8. #8
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    Mine is on sRGB which prolly looked best when I tested all the modes. I think white looked too blue otherwise.

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    Unfortunately the poll is flawed.

    Like another poster, my LCD only has fixed choices for reddish, plain white and blueish. It also has a manual mode where you can set the RGB colors separately.

    Because the poll vote is not allowed to happen unless you choose one of the two settings, all of us who don't have those two settings, per se, can't participate in the poll. There needs to be an "other" option so that comments can be made and submitted.

  10. #10
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    Quote Originally Posted by MrVideo View Post
    Unfortunately the poll is flawed.
    ..There needs to be an "other" option so that comments can be made and submitted.
    Not nessecarely, you just need to provide more possible answers. Fixed answers are MUCH easier to process and count. I don't know why only two temps are listed when my tft supports at least three (that's excl. sRGB).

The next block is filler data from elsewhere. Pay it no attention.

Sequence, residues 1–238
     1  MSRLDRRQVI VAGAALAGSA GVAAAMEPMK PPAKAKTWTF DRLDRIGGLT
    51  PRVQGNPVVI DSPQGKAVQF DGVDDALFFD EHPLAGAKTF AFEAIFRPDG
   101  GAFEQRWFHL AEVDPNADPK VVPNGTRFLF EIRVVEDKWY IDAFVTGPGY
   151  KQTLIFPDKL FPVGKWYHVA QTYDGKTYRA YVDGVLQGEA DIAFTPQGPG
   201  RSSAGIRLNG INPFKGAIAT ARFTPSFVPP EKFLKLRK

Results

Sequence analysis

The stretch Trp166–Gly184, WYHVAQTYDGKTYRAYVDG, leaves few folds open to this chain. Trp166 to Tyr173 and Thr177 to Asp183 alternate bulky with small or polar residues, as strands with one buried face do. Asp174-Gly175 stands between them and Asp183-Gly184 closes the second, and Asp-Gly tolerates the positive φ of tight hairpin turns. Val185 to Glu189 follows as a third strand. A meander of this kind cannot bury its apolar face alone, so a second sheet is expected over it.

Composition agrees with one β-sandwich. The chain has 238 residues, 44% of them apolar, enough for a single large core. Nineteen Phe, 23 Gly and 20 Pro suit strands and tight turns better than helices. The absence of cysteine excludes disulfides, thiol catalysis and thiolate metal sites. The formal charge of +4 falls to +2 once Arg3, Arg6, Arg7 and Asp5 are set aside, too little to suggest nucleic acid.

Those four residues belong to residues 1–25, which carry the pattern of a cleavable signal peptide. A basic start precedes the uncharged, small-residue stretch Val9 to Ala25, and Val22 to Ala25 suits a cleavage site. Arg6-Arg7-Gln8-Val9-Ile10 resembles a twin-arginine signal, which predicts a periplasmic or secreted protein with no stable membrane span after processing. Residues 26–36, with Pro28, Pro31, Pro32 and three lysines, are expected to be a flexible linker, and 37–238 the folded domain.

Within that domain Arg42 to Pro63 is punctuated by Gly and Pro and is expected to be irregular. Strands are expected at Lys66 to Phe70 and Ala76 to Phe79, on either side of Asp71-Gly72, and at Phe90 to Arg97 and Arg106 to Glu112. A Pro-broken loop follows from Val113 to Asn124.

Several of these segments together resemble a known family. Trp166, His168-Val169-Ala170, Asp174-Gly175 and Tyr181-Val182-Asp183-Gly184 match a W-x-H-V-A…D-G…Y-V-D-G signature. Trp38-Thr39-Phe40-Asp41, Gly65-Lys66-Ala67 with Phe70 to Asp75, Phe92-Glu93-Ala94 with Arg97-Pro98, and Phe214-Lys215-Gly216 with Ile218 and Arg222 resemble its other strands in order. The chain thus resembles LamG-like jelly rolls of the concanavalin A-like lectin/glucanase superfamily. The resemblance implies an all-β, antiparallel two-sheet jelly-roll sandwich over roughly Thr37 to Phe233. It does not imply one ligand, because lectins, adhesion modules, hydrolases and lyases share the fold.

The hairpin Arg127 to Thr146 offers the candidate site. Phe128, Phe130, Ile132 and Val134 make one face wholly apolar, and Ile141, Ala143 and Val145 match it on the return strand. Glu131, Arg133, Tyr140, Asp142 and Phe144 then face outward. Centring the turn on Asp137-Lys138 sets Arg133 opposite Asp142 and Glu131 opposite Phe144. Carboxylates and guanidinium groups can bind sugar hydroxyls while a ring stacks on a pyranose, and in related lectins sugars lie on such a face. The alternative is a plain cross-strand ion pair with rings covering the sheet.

I'm wondering if how someone sees pictures isn't somewhat person specific?

  11. #11
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    I am another whose monitor uses its own classification in place of Colour Temperature. There are three basic settings, each of which can be fined tuned by r-b-g sliders, calibrated in percentages. Standard setting 3 is yellowish, and I guess roughly equivilent to 6500 Kelvin. Standard setting 1 is blue and almost unusable. Standard setting 2 is muddy.

  12. #12
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    Most common standard for picture editing is 6500 K / 2.2 Gamma (that's what I use too). But usually factory setting is 9300 K. Of course without calibration it's impossible to achieve exact colors. A good monitor should provide the possibility to set color temperature and gamma.

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    sRGB is the color space that you're using, and isn't related to the temperature of the display. If you were to calibrate your monitor with third party software, you'd use the profile that would be created with that software instead of sRGB. The thing is, if you used the profile that the calibration software creates, it might be outside the sRGB gamut.

    If you were to adjust a picture with the calibrated monitor, then post it on the Net, if someone downloads it and is using sRGB as their color space, the picture won't look the same to them as it did to you. This is a problem for on-line photo developers like Kodak or Shutterfly. It's best to convert the picture back to sRGB before uploading it to one of these developers so that you know what it will look like to them.